'The Hidden Kingdoms of China' Tells a Sweet Story of Pandas in the Wild

Kate Hahn
National Geographic/Jacky Poon

I've been a sucker for roly-poly, two-tone furballs since childhood, when my family regularly visited a pair of pandas given as a gift from China at the National Zoo in Washington, D.C. Now, thanks to the new five-part special The Hidden Kingdoms of China, I finally get to see the adorable species up close in their real home: a bamboo forest.

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'The word possible in the subtitle is so hopeful,' Tyson says.

In the first of Monday, March 23rd's three back-to-back installments (the final two air March 30), filmmakers follow a mother and cub for two years. The latter goes from a teeny 14-day-old nursing bundle, weighing less than 16 ounces, to a confident bachelor 200 times heavier.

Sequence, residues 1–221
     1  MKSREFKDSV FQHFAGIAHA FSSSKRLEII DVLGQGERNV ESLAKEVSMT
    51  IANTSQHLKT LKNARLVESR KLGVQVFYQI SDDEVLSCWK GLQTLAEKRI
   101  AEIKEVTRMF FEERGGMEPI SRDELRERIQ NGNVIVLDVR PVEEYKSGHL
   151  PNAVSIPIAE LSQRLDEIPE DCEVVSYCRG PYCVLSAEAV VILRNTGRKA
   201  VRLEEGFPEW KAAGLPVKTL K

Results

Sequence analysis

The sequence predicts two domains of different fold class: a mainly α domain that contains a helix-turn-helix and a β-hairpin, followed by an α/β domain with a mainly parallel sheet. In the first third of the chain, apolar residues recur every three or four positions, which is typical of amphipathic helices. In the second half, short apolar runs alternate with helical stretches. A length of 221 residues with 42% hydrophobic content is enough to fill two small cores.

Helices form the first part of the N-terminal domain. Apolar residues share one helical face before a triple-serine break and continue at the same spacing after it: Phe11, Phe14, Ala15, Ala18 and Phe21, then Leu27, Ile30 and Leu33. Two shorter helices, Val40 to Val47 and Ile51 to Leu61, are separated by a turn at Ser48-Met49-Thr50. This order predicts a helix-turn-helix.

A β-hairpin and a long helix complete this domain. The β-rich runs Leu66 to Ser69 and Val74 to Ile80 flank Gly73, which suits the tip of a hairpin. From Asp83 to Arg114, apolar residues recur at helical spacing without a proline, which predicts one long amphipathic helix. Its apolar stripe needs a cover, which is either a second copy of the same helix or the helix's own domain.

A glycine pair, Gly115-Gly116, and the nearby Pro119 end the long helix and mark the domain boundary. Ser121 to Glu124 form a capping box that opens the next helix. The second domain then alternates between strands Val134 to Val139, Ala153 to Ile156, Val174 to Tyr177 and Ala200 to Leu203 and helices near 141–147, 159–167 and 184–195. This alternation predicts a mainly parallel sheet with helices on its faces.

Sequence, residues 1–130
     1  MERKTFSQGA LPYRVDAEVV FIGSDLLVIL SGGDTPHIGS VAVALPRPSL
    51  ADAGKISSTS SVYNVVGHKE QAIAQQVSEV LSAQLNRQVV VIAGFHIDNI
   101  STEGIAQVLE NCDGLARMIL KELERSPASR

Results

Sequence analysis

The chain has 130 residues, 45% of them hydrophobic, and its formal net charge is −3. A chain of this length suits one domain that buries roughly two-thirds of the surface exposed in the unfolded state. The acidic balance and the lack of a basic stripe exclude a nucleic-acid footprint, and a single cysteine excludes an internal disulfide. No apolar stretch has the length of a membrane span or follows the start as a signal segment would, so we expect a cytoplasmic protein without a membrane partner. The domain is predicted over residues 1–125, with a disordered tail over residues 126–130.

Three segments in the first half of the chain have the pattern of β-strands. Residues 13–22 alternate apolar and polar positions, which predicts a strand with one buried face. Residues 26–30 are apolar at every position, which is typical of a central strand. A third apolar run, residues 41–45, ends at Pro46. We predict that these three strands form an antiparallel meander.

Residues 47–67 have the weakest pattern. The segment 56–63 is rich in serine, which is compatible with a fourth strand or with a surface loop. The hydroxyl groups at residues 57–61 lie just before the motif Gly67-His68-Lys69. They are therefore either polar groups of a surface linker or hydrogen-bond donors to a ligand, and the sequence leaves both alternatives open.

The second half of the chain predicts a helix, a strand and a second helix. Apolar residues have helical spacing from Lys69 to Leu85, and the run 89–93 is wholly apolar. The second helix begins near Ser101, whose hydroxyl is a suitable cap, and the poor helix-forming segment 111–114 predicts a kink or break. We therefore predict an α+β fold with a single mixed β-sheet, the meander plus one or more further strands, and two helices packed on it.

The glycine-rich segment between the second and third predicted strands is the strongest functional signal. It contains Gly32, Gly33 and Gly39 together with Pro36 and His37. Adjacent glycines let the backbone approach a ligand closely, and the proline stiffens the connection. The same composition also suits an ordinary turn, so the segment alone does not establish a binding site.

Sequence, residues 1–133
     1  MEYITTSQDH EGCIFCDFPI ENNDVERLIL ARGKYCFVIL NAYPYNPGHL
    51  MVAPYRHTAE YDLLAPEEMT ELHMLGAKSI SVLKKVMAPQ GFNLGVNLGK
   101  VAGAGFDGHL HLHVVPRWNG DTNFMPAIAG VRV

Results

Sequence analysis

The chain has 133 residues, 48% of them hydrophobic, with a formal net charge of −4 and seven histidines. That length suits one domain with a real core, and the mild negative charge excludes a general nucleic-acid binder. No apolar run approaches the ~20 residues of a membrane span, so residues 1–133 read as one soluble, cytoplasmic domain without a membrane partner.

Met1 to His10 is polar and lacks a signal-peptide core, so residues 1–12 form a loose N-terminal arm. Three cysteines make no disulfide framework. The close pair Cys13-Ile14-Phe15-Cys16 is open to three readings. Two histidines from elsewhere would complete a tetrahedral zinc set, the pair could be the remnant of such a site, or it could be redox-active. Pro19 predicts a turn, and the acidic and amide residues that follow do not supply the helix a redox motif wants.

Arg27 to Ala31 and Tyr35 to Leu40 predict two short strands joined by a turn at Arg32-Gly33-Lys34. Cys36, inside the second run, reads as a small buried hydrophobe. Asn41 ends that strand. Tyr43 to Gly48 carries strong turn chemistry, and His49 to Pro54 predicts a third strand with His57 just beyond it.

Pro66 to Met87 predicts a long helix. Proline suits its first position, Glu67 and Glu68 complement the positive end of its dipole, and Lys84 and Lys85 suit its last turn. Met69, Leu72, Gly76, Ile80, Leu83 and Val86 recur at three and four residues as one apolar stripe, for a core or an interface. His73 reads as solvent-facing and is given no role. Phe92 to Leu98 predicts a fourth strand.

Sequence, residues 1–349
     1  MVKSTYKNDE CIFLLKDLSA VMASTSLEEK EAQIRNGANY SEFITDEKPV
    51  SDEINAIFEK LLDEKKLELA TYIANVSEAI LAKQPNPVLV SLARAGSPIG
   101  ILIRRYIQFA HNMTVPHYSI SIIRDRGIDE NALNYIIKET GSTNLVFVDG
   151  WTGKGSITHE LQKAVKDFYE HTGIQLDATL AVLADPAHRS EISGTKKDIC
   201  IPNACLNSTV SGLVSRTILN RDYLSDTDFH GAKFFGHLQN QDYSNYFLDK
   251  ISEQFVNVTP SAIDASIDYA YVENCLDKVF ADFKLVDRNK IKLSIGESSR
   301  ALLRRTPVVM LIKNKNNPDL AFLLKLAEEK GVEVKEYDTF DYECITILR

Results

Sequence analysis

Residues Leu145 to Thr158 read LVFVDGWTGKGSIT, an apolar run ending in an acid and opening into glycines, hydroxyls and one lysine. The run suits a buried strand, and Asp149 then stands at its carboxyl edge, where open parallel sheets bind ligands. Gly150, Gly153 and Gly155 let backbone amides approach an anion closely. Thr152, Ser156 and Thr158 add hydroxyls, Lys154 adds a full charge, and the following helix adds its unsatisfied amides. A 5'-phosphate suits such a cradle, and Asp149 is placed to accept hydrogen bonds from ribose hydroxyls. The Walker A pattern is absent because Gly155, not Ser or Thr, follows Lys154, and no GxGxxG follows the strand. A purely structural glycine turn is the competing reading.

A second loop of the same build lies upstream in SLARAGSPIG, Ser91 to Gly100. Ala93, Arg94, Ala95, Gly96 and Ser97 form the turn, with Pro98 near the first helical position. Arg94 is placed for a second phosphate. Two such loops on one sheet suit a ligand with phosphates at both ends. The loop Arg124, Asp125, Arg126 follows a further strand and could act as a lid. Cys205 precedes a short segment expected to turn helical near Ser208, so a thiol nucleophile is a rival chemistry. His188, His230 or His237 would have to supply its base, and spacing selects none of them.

The hidden kingdoms of china

(Credit: National Geographic)

Watching Junior grow is a delight as the playful pair tumble down hills, climb trees and flop on their backs to chomp bamboo. (Adults eat up to 88 pounds of it a day, grinding tough stems with powerful jaw muscles that create those irresistibly cute round faces.)

The close and loving relationship is all the sweeter considering adult pandas are mostly solitary. Keep in touch, kid!

The Hidden Kingdoms of China, Series Premiere, Monday, March 23, 8/7c, Nat Geo Wild